“The biggest mistake I’ve made is not getting enough sleep,” Oldroyd shares. “I can’t put in all-night study sessions and then get up and train. My body will not recover, and everything I am trying to do will suffer. When I don’t get enough rest, it affects everything I do, and my attitude goes downhill fast.”

Though it sounds counterintuitive to gain more hours in the day by spending at least eight of them in slumber, a good night’s sleep allows Oldroyd to work more efficiently, retain information in her studies with ease and still have enough energy left over for a solid training session each day. Her advice: Schedule your Z’s and stick to it.

“If you’re supposed to be in bed by 10, then do it,” Oldroyd says. “Proper sleep keeps your mind and body sharp.”

Nap Your Way To A Better Day

If eight hours of shut-eye just isn’t possible, fear not—a short afternoon nap whenever possible can give you the boost of energy needed to make the most of the hours in your day. In a study done by NASA, workers who were allowed to take a 40-minute nap improved their cognitive performance by 34 percent and alertness by 54 percent.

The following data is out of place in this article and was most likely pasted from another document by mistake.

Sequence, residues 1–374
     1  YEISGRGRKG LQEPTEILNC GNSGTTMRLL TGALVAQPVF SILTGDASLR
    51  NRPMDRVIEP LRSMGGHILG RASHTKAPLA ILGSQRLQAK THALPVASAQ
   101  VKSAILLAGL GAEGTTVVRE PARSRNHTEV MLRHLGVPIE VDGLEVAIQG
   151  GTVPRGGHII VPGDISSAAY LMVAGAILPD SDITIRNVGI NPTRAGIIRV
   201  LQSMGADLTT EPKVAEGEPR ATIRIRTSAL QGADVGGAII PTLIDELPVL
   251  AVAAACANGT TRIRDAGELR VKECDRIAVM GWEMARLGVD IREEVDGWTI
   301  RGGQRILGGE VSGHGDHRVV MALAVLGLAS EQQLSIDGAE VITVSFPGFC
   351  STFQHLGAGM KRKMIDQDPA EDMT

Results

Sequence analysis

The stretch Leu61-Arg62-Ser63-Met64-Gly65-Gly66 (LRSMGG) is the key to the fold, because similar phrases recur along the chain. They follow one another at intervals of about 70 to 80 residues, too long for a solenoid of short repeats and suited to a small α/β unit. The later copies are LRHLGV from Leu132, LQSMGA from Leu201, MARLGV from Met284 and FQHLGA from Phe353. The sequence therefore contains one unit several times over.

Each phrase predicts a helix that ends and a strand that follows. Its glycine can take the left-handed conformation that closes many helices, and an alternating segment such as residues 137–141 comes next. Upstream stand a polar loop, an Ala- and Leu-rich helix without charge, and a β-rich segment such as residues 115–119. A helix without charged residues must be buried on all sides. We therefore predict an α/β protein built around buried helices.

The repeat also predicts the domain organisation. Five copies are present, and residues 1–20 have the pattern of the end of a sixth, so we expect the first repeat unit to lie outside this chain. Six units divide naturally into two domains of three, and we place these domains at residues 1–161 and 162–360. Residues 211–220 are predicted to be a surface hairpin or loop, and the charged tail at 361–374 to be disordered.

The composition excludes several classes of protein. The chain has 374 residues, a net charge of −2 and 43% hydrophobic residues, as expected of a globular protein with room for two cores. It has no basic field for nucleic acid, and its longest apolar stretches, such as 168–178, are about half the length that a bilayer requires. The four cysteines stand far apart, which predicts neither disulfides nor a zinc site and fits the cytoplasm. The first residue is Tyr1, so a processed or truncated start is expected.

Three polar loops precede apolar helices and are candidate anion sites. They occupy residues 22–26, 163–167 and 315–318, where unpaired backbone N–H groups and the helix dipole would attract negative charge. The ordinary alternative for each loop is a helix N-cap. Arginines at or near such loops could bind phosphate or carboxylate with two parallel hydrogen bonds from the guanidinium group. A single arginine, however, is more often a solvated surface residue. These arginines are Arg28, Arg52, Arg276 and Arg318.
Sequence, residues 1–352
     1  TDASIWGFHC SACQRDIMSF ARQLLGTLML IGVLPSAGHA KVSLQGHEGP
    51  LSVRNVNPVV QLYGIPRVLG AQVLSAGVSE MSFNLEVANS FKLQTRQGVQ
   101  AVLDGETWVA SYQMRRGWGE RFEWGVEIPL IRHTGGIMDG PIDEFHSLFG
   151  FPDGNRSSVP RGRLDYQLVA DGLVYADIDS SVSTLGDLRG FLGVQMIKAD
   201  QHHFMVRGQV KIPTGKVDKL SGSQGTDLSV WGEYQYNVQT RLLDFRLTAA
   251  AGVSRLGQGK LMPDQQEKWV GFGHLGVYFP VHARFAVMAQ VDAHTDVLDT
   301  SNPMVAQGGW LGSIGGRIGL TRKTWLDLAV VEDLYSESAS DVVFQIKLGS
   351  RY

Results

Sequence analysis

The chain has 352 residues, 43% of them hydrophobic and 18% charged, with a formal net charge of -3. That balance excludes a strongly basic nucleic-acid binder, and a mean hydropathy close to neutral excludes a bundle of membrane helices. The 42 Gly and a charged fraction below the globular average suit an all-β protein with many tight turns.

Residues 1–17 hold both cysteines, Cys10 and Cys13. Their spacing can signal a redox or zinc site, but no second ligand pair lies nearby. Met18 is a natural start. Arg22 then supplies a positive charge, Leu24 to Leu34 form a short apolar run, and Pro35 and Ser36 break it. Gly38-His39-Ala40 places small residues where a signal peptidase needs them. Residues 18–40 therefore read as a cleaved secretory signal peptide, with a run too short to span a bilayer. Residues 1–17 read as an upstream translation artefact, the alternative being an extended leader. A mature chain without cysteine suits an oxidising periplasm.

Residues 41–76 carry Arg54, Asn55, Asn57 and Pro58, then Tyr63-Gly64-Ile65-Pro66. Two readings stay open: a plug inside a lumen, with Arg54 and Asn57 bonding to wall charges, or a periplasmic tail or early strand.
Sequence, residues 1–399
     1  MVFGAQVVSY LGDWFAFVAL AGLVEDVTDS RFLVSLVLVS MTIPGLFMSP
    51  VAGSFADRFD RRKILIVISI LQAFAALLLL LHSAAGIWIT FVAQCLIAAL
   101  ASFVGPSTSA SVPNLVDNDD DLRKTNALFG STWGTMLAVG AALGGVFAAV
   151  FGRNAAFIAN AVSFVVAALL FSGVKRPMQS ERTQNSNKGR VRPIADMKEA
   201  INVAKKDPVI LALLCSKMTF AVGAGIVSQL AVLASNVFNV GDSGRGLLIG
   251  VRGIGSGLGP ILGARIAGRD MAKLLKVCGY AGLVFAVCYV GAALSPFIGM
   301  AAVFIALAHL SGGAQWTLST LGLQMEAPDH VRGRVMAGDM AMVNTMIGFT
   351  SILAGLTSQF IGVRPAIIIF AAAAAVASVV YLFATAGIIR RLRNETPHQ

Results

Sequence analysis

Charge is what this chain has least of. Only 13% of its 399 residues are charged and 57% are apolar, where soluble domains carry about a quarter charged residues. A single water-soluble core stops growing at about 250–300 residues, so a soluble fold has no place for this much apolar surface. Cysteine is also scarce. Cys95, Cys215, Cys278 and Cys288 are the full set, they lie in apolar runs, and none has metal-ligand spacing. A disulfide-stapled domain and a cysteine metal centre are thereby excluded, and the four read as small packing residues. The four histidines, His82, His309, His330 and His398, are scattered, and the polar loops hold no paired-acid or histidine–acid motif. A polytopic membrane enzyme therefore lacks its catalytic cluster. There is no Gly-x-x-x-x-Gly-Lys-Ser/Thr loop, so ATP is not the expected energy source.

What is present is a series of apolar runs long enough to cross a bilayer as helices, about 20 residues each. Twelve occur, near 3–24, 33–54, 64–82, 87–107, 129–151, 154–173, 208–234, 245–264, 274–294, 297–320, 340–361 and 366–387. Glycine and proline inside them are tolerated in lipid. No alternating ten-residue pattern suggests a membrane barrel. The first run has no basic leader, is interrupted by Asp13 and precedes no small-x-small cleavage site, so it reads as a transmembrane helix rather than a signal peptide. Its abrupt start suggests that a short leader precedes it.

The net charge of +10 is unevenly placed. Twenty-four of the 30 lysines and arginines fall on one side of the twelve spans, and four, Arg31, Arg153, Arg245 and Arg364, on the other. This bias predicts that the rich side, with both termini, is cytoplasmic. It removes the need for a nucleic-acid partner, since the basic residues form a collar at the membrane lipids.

RELATED: Is Your Sleep Position Contributing To Your Injuries? 

At The Ready

If you’re the type to squeeze in a workout when you can, having a “go bag” of basic gear can come in handy. Stash the essentials in the trunk of your car or your office drawer for an impromptu sweat session.

Swim bands
Stretchcordz With Paddles
$51, Nzcordz.com

Bodyweight workout cards
Strength Stack 52 Fitness Cards
$20, Stack52.com

Foam roller
Trigger Point GRID
Mini Foam Roller
$25, Tptherapy.com

Running shoes
Asics Gel-Quantum 180
$130, Asicsamerica.com

Water bottle
Contigo Autospout Devon Squeeze Water Bottle
$13, Gocontigo.com

Shower wipes
Action Wipes
$19 (pack of 15), Actionwipes.com

Required Reading

Need a roadmap for big fitness in a short amount of time? Check out these titles for the busy triathlete:

The Time-Crunched Triathlete
By Chris Carmichael and Jim Rutberg

One-Hour Workouts
By Scott Molina, Mark Newton and Michael Jacques

Be Iron Fit: Time-Efficient Training Secrets for Ultimate Fitness
By Don Fink

Run Less, Run Faster
By Bill Pierce

Training Plans for Multisport Athletes
By Gale Bernhardt